Days may be numbered for ‘Finest City’ mural
Artist agrees to having it removed; management considers options
By James Chute 4:45 p.m. June 23, 2014
After 25 years, an iconic part of downtown art may come down. The mural depicting a newspaper in the year 2050 can be found off 6th avenue.
Anybody who has spent any time downtown has likely encountered the iconic mural on the former Arte Building at the corner of C St. and Sixth Ave.
The huge 100 feet by 70 feet artwork, with the letters in the banner outlining the words “America’s Finest City,” has peered over downtown since 1989, when developer Chris Mortenson commissioned it from artists Kathleen King and Paul Naton.
A hand with the pen is filling in the letters in the newspaper’s banner, which is dated 2050.
King, who now lives in Greenville, South Carolina, said she hoped the mural might make it until then.
But the building’s management, Cethron Properties, is considering its removal.
King said she received a letter a few months ago informing her she had 90 days to remove the artwork. Given its size and the expense that would be involved in removal, that proved impossible and she said Monday she signed a release waiving her rights to the mural.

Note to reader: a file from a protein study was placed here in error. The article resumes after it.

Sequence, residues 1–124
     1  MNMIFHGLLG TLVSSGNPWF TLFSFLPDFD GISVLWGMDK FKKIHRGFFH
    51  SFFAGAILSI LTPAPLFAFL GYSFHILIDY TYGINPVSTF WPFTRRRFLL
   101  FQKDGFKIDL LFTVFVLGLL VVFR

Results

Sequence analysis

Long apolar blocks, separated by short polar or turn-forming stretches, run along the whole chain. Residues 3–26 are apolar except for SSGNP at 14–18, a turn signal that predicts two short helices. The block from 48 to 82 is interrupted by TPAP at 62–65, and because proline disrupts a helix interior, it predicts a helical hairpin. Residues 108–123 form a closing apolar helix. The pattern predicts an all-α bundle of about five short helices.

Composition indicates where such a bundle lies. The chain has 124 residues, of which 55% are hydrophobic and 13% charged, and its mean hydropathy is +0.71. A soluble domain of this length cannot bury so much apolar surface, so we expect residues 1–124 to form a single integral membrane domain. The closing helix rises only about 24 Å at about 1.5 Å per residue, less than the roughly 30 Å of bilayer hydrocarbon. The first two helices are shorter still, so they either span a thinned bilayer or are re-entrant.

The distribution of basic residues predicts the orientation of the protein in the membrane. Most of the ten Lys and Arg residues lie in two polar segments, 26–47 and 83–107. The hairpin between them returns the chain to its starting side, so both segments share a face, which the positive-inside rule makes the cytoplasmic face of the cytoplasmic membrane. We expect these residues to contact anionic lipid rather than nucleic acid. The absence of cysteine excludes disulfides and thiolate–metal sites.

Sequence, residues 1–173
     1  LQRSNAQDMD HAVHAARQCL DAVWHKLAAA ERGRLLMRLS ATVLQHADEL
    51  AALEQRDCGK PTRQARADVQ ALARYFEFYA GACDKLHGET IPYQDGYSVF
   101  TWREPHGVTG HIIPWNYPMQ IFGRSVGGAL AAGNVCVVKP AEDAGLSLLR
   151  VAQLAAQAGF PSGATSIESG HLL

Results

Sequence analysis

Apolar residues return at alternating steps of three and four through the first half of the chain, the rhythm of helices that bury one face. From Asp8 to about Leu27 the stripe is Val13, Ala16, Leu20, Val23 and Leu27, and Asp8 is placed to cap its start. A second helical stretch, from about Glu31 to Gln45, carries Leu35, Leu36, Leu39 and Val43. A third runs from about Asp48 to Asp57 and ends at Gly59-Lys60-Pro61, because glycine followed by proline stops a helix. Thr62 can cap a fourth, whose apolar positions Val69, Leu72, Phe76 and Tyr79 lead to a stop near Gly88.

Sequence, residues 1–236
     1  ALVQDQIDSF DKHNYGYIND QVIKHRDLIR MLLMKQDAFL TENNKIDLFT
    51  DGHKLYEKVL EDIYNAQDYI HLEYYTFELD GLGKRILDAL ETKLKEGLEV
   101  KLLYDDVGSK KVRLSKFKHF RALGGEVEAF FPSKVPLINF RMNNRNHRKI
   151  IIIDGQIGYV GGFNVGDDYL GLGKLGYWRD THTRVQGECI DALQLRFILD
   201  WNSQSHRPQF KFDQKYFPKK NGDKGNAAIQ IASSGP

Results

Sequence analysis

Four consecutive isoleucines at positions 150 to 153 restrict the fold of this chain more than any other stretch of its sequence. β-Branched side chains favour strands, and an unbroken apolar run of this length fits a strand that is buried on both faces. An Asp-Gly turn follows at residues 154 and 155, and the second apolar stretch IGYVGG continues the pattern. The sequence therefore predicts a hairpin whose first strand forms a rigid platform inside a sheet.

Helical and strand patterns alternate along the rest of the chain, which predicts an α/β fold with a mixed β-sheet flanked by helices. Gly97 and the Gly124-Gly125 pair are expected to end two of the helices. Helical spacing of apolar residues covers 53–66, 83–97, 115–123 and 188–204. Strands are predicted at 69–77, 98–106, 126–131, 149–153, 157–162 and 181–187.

“Even if I could remove it, where would I put it?” said King.
Robert Adatto, Cethron’s owner, said in an email Monday there were serious issues with the mural in terms of deterioration and flaking paint, and that some lead-based paint might be present as well. He said he was still deciding whether or not to take it down.
“Once I make the final decision on how to proceed, and if that decision is (as I’m leaning now), to remove the mural, it’s my intent to publish a notice with at least thirty days’ lead time … regarding that intent,” he said in the email. “That would afford any interested party the time and opportunity to contact me and ‘chime in’ with any concerns or alternatives before any irreversible action is taken.”
King, who was born in Pacific Beach, and Naton, who was her partner in the design firm, Raw Art, spent five months in late 1988 and early 1989 painting the cryptic mural.
“It’s supposed to be any newspaper,” King told the Los Angeles Times in 1989. “It’s saying the future is news. San Diego is writing its own news, its own future.”
King moved to Greenville to work on a public art project for Greenville’s Swamp Rabbit Trail. Several of her public artworks remain in San Diego, including an extensive, high-profile work on the outside of the Golden Hill Recreation Center.
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